“Double the Struggle” Latino/Chicano Hip-Hop and the East Coast-West Coast Dialectic

Mausfeld, Dianne Violeta (30 October 2021). “Double the Struggle” Latino/Chicano Hip-Hop and the East Coast-West Coast Dialectic (Unpublished). In: Transcultural Hip-Hop. Constructing and Contesting Identity, Space, and Place in the Americas and beyond. Universität Bern/Virtuell. 28.-30. Oktober 2021.

Latinos and Chicanos in hip-hop have not been studied nearly as much as their fellow African American artists. While it is largely acknowledged that Latinos took part in the creation of hip-hop in New York, their contributions in Los Angeles are rarely included in West Coast hip-hop history. At the same time, Latino actors are not represented in the popular narrative of the East Coast/West Coast conflict – which is surprising given that Chicano/Latino hip-hop are closely intertwined in the L.A. hip-hop scene. Aiming to address this research gap, my paper will locate L.A. Latino and Chicano artists in the east/west dialectic and explore how it affected their careers. Focusing on media coverage of Chicano and Latino artists, as well as personal and musical influences that occurred between the coasts on a micro- and macro-level, this paper offers a fresh perspective on the most famous conflict in hip-hop.
The methodology brings together ethnographic interviews with Chicano and Latino artists conducted in 2019 and discourse analysis of the East Coast-based hip-hop publication The Source. The coverage of Latino artists in The Source during the 1990s was scarce and clearly written from an East Coast perspective, often one-sided and even condescending. My ethnography showed that Latinos and Chicanos had “double the struggle” to build their careers in hip-hop during the 1990s, as they were not only affected by the place-based east/west antagonism, but also by ethno-cultural classification in the music industry. Expressing “Pan-Latinidad” (Rivera 2003), L.A. Latino artists strongly identified with Latinos in the east, yet bi-coastal collaborations rarely occurred. I argue that Latinos in hip-hop cannot be merely categorized in this binary opposition of east and west, but form a complex network of ethnic alliances, musical influences, and media representation.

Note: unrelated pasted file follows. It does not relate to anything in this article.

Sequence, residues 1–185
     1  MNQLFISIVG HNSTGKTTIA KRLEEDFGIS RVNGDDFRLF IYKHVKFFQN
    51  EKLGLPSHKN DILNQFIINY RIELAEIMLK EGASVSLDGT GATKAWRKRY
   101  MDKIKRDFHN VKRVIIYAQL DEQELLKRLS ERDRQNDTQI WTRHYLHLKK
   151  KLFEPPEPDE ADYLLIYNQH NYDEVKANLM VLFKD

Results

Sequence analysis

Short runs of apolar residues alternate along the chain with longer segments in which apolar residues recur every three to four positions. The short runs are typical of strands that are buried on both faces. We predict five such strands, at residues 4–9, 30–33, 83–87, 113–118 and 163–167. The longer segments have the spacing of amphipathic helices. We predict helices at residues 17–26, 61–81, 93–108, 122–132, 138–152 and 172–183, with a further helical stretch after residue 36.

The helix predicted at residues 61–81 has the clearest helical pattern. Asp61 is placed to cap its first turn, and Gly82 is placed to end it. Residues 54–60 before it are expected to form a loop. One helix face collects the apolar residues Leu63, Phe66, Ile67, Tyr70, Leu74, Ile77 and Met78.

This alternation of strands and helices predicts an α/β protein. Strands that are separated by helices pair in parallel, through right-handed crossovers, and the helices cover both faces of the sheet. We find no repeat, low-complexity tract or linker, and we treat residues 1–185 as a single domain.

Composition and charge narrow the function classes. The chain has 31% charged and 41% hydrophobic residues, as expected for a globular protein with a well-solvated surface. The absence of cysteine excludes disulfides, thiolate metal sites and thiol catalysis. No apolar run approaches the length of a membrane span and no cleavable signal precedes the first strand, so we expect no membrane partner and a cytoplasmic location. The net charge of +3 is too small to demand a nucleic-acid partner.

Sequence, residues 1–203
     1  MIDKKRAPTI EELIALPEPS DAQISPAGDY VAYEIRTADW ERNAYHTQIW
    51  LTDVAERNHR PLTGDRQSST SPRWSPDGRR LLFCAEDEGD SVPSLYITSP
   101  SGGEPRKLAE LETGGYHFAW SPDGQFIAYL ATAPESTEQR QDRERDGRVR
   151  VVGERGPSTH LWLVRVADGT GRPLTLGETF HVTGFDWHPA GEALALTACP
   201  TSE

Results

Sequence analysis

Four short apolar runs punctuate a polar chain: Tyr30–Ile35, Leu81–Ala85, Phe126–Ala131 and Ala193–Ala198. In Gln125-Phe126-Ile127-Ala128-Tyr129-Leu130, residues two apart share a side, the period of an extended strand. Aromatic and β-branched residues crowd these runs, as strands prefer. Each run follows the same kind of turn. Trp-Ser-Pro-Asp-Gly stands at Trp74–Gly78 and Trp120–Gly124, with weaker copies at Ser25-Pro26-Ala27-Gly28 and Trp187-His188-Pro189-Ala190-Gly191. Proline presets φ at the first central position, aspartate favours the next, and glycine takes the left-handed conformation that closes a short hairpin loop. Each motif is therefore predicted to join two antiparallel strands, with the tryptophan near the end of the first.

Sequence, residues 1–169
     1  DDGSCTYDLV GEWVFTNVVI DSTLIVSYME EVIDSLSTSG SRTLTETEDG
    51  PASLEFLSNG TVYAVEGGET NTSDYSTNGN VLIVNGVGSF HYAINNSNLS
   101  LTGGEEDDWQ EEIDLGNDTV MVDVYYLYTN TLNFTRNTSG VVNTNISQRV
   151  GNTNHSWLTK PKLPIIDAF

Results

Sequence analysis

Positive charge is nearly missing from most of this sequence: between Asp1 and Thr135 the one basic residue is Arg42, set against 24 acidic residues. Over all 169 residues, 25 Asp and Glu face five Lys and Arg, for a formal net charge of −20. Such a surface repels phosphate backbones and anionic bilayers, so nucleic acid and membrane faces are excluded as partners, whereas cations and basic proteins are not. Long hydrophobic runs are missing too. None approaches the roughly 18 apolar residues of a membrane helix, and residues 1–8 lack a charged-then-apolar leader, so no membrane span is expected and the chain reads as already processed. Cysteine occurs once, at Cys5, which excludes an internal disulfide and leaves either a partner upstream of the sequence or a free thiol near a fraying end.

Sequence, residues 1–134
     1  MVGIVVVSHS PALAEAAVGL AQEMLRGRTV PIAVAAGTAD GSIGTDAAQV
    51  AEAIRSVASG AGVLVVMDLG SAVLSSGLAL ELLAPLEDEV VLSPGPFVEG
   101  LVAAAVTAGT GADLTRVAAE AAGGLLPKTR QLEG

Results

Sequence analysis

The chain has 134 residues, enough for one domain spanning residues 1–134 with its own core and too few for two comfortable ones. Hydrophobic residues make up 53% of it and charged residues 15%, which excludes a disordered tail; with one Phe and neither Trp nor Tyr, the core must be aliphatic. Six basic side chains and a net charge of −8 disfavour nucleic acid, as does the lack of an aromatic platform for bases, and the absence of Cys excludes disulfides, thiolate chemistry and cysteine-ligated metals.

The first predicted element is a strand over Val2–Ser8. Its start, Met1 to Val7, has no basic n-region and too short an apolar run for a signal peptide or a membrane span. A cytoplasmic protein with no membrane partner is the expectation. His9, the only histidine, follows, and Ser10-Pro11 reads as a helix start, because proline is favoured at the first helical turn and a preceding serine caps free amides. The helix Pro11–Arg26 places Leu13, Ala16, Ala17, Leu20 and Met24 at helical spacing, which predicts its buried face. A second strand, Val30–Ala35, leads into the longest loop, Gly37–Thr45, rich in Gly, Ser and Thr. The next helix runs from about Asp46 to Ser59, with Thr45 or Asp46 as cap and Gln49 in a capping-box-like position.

Item Type:

Conference or Workshop Item (Speech)


06 Faculty of Humanities > Other Institutions > Walter Benjamin Kolleg (WBKolleg)
06 Faculty of Humanities > Other Institutions > Walter Benjamin Kolleg (WBKolleg) > Center for Global Studies (CGS)
06 Faculty of Humanities > Department of History and Archaeology > Institute of History > Institute of History, Iberian and Latin American History
06 Faculty of Humanities > Department of Art and Cultural Studies > Institute of Musicology

UniBE Contributor:

Mausfeld, Dianne Violeta


700 Arts > 780 Music
900 History > 980 History of South America


[4] Swiss National Science Foundation


[UNSPECIFIED] Hip-Hop as a Transcultural Phenomenon. Latin American and Jamaican Cultural Signifiers in US Hip-Hop




Dianne Violeta Mausfeld

Date Deposited:

07 Mar 2022 14:38

Last Modified:

05 Dec 2022 16:09

Related URLs:

Uncontrolled Keywords:

Hip-Hop; Chicano; Latino; East Coast; West Coast



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